Our spine or vertebral column is made of twenty-four vertebrae. When we are standing, the entire weight of our body, head and arms is transferred through these vertebrae. Spinal intervertebral discs that are between each vertebrae cushioned this shock when we move. The discs are composed of a tough outer layer, the annulus fibrosus and a liquid centre called the nucleus pulposus. When weight is placed on a disc, the annulus fibrosus supports the nucleus pulposus in compressing and distributing the pressure.
A slipped disc or herniated disc happens when the nucleus pulposus bulges out through a weakness in the outer part of the disc. It may be pressing on nearby nerves and cause severe pain or inflammation. One tends to develop a slipped disc between 30 and 50 years old; and twice as many men as women are affected. There are no permanent treatments to treat slipped disc and hence it is very important to ensure we cultivate good habits to prevent slipped disc from happening. Doing Pilates exercises is one of the easiest ways to restore the natural curves of the spine while strengthening your muscles at the same time.
H2:Pilates Exercises Promote Good Posture
How you sit, stand and move have a big impact on your spine. Incorporating good postural habits are crucial in maintaining a healthy spine. Our spine has a natural “S” shape and this “S” shape has to be maintained in every movement to ensure proper posture. Pilates exercises focus a lot on neutral position or “S” shaped-spine in every movement, hence retuning our body to get used to the neutral position that is good for our body.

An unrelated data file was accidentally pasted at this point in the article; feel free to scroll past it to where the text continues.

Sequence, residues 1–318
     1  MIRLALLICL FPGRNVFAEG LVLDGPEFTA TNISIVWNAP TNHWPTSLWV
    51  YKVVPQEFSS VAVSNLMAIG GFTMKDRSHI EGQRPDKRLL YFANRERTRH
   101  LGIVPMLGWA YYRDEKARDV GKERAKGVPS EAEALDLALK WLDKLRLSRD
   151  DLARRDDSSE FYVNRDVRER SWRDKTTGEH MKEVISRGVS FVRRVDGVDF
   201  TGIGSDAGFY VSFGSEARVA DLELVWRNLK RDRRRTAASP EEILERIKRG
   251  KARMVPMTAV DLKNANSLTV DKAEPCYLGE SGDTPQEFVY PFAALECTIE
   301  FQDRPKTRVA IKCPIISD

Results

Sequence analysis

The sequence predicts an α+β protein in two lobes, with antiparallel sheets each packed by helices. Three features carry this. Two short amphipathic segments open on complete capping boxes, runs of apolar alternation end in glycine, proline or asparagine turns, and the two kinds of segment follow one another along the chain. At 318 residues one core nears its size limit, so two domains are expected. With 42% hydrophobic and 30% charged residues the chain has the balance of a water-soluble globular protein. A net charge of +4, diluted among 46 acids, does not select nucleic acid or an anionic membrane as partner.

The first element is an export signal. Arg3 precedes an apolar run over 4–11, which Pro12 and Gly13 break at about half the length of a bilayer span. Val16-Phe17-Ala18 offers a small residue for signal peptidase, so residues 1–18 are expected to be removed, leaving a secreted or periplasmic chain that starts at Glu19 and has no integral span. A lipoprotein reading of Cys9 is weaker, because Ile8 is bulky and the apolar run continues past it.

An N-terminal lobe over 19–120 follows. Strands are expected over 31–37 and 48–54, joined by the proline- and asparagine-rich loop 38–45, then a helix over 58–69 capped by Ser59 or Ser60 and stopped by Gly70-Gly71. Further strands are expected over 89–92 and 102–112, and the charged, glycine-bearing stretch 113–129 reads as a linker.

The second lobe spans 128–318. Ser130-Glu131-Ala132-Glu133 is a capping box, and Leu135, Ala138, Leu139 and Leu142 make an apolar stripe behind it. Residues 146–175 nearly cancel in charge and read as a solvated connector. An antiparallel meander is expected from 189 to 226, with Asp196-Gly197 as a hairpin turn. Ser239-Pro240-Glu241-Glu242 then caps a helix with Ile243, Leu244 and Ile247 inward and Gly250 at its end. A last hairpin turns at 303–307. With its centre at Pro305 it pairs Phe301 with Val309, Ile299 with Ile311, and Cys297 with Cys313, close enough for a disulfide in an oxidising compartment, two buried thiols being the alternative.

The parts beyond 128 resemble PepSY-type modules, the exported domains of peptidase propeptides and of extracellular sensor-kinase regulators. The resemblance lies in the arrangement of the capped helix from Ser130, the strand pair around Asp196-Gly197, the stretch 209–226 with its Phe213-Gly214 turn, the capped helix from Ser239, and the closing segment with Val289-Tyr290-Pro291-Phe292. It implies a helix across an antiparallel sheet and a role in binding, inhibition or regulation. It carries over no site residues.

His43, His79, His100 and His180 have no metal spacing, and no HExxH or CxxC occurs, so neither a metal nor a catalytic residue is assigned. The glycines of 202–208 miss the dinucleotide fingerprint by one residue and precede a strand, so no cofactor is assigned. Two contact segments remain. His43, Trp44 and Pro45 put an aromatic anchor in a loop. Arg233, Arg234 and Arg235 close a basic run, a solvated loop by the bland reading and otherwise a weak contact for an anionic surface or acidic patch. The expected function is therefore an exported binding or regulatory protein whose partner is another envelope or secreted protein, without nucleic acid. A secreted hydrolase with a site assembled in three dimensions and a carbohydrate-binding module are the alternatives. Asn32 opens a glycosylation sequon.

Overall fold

Standing – Stand upright with head balanced on top of shoulders. Both legs should be straight with even weight on both feet. When doing standing Pilates exercises, we learn to notice details as such your rib cage should be balanced on top of your hip bones when standing to prevent over-arching of your lumbar spine.
Sitting – Your pelvis should be vertical and support in the small of your back to promote the natural lumbar curve. Head forward posture should be avoided to prevent over extension of neck. Your knees and hips should be level and your feet should be flat on the floor (use a footstool if necessary).
Lifting & Moving – Avoid making sudden aggressive movements or over-twisting your body in unnatural positions. Pilates exercises that promote rotation of rib cage, articulation of spine and lateral flexion will help to promote flexibility and strength. Distribute your weight evenly on both sides of the body especially on both feet.
Exercising regularly can slow down the deterioration of your interverteral discs. It can also keep your supporting back muscles and postural muscles strong. Integrating high-impact activities, weight lifting exercises with core strengthening exercises such as Pilates exercises is useful in preventing over-straining your spine. However, it is important that you carry out Pilates exercises under guidance of qualified instructor.
Pilates Exercises such as Hip Rolls are useful in promoting articulation of your spine, strengthening abdominals to support spine especially lumbar spine, glutes and hamstrings.
Lying on back, pelvis and spine neutral. Knees bent, feet hip-distance apart on mat. Arms by sides, palms down. Inhale to prepare.
Step 1: Exhale
Initiate from tailbone and slowly peel spine off mat until hips are lifted and weight is resting between shoulder blades, not neck. Do not arch lower back by maintaining good abdominals connection with rib cage.
Step 2: Inhale
Keep abs engaged and expand back of rib cage, keeping head and shoulders relaxed. Press evenly into both feet to engage glutes & hamstrings. Relax shoulders.
Step 3: Exhale
Soften chest, ribs, middle back and lower back as you return spine to starting position vertebrate by vertebrate.
Repeat 3 – 5 times.
Cultivating good posture and incorporating core strengthening exercises such as Pilates exercises will help you to prevent slipped disc and other back pains.